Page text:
News

New exhibition at the Stephen Hui Geological Museum showcases the last 65 million years of climate change

April 22, 2015
  • Dr. Petra Bach, Curator of the Stephen Hui Geological Museum, was introducing the large-scale 3-D climate change graph.

    Dr. Petra Bach, Curator of the Stephen Hui Geological Museum, was introducing the large-scale 3-D climate change graph.

The Stephen Hui Geological Museum of the Department of Earth Sciences launched a permanent exhibition on “Cenozoic Climate Change” on this year’s Earth Day (April 22, 2015). The Cenozoic Era is the most recent geological period which spans from about 65 million years ago (Ma) to present. The Cenozoic is sometimes called the Age of Mammals because the extinction of dinosaurs at the beginning of the Cenozoic allowed mammals to greatly diversify and grow in size during this period.

The display comprises themes such as Clues to Past Climates, From Greenhouse to Icehouse and Human Impact. In the exhibition, there is a large-scale 3-D climate change graph to demonstrate the global climate change during the last 65 million years of Earth history based on stable oxygen isotope records derived from marine microorganisms. Other paleoclimate proxies including fossils of an ancient rhinoceros, a frog and a fish, a 3000-year-old fossil wood of a pine tree, a 100000-year-old loess sample, marine sediments and marine microorganisms, etc. are displayed for the first time in Hong Kong.

Through the scientific study and analysis of such information, scientists are able to read past global and regional climate records and to reconstruct the last 65 million years of global climate change. Scientists also hope to gain more understanding of the relationship between past and future climates and on how human activity might impact climate change in the future. For example, scientists investigate whether the increasing concentrations of greenhouse gases in an extent that the climate would respond in an abrupt and unexpected way.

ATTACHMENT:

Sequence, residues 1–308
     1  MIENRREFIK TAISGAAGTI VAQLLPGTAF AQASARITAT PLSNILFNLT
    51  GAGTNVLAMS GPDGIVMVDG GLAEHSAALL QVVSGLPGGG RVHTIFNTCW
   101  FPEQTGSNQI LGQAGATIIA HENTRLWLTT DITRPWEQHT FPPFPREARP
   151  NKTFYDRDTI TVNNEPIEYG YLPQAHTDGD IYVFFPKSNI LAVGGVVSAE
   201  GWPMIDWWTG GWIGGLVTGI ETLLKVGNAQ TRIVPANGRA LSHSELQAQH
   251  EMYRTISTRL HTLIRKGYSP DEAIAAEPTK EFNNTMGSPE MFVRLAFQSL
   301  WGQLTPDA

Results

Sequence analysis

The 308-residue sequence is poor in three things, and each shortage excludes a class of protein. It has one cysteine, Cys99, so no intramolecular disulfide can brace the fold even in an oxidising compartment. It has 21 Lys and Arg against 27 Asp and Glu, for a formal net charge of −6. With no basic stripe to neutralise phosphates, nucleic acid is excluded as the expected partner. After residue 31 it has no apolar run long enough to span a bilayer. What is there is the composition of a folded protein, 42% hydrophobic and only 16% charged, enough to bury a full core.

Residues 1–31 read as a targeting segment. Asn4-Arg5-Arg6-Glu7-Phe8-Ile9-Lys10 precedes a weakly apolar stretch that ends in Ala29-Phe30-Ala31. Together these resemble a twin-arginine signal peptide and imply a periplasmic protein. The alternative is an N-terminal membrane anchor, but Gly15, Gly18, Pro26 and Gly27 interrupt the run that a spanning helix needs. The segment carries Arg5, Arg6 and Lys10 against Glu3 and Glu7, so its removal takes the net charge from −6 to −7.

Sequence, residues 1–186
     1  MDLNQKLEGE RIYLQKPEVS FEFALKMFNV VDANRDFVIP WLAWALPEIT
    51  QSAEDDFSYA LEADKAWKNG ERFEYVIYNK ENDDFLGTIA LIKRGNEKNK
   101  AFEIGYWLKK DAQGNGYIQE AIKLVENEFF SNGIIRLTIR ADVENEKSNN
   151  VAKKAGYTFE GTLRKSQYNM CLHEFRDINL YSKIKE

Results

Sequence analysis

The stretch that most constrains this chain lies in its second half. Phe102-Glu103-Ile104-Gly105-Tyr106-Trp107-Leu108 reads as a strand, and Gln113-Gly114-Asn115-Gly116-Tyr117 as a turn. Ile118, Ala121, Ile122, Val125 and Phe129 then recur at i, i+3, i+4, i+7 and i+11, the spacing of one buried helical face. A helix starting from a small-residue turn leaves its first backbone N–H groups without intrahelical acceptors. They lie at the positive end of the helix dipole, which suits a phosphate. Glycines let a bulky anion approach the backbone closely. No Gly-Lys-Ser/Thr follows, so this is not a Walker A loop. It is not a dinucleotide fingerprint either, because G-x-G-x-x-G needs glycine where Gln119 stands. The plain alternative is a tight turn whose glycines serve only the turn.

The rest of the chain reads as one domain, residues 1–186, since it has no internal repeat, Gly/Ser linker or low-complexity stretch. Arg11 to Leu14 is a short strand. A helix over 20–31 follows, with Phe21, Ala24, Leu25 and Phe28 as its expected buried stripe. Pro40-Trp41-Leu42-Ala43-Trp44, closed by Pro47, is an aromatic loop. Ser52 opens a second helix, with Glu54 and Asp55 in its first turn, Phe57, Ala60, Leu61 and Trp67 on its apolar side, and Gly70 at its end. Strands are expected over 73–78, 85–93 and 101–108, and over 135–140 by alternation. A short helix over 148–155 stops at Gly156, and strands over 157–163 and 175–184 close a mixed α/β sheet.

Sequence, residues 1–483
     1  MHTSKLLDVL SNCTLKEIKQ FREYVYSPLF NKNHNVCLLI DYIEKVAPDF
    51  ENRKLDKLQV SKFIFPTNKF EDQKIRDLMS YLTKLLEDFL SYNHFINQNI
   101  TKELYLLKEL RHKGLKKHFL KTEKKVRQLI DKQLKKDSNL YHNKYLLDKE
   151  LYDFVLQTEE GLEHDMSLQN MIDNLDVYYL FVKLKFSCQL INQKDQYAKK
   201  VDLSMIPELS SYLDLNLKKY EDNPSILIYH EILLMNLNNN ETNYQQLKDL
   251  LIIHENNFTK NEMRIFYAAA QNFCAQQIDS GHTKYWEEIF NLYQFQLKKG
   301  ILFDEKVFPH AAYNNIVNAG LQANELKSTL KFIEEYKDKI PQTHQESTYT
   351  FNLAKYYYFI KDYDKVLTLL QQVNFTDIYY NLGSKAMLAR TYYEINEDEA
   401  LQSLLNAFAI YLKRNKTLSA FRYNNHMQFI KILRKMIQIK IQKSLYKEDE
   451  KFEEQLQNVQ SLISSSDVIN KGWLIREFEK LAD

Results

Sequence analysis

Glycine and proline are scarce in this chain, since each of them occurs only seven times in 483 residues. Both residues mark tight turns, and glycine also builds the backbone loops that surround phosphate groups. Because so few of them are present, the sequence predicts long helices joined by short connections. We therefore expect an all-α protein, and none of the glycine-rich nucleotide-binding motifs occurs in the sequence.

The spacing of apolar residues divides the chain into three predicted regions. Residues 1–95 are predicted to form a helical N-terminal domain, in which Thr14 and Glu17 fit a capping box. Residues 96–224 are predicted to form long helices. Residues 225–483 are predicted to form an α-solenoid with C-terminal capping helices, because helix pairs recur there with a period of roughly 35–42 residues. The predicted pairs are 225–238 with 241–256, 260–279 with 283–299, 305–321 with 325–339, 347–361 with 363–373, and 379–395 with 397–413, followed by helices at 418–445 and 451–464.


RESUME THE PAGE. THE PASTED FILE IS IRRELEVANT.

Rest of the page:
The exhibition is a knowledge exchange effort made by the Department of Earth Sciences to make climate researches accessible to the public.

More information about Stephen Hui Geological Museum
Location: G/F & 1/F, James Lee Science Building, The University of Hong Kong
Opening hours: Mon - Fri, 1-6pm; Closed on Saturdays, Sundays, University and Public Holidays
Website: www.earthsciences.hku.hk/shmuseum
Enquiry: 2241 5472 / E-mail: shmuseum@hkucc.hku.hk

Special Guided Tours on Climate Change are available in English or Cantonese on April 25, May 2, 9 and 16 from 2pm to 3pm. Pre-registration is recommended.
 


Professor Zong Yongqiang, Department of Earth Sciences, was introducing the displays of “Cenozoic Climate Change”.


A fossil of an ancient rhinoceros found in Linxia basin, north of the Tibetan Plateau.


A ca. 100000-year-old loess sample (left) and a 17 million-year-old frog fossil are paleoclimate proxies to reveal past climatic conditions.